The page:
Properly speaking, "inertia" is resistance to change. At the same time, if we think of culture
as moving through time and space between individuals, inertia is the tendency of that culture
to continue moving at the same rate unless other forces act upon it. Counting inertia in this way
as a kind of inherent tendency or "force," I offer illustrative evidence in this paper for three
additional classes of force: entropy, interest, and metaculture. I show that these forces operate
at the level of micro-processes of discourse replication, as well as in larger-scale phenomena.
The force of interest is the foundation for economic theory and its law of supply and demand,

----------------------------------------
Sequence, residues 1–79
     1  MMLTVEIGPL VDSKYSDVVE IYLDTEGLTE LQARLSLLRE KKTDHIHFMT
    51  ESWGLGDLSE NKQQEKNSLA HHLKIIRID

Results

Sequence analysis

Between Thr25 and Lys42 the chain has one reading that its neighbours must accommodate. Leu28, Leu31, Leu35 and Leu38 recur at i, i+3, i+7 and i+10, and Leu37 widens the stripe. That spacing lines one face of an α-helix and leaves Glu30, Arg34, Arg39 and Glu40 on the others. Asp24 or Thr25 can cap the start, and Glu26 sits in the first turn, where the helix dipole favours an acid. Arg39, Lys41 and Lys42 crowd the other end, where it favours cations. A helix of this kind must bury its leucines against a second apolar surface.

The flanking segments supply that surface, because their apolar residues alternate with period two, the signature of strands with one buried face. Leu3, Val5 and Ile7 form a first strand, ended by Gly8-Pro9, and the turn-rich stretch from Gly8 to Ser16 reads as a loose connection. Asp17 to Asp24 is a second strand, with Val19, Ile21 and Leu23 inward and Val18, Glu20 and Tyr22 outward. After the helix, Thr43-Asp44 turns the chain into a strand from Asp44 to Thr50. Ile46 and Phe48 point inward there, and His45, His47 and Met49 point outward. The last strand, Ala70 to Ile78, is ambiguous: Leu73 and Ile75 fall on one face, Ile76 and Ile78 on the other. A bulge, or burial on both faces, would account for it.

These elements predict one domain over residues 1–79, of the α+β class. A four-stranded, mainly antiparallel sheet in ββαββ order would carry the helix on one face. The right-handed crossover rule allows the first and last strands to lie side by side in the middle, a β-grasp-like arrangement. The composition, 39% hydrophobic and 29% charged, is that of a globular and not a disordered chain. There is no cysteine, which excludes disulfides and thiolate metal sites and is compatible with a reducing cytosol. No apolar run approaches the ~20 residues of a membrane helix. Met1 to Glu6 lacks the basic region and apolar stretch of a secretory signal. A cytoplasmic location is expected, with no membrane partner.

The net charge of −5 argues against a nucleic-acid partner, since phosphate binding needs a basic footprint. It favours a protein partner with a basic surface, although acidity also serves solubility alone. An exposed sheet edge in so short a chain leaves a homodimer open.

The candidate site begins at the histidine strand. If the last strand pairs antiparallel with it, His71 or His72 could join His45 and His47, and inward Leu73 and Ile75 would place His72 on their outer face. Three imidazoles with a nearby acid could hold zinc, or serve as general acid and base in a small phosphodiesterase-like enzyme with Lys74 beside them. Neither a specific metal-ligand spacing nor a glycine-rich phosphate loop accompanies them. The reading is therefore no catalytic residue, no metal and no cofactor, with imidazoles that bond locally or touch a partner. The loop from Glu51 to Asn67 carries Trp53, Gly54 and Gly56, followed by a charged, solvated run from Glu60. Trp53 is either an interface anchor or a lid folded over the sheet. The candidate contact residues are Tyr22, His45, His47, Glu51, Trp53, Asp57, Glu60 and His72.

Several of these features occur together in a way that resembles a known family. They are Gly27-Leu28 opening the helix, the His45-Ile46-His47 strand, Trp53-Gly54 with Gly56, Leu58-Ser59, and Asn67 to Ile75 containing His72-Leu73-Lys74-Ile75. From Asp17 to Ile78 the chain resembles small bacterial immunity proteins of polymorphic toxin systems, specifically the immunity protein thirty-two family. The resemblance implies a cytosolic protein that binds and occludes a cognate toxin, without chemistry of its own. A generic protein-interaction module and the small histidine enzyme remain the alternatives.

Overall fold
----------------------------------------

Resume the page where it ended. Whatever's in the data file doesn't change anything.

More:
but it can be glimpsed as well at the microlevel in narrative replication. However, taken alone
it provides an incomplete and distorted account of cultural motion, which takes place not only
at the behest of inertia, but also in response to reflexive cultural processes grouped here under
the heading of "metaculture." The latter can be glimpsed at the micro-plane in self-correction
within narration or in instructional correctives, but it operates as well on a large scale in
ideological formations such as modernity and the emphasis on newness.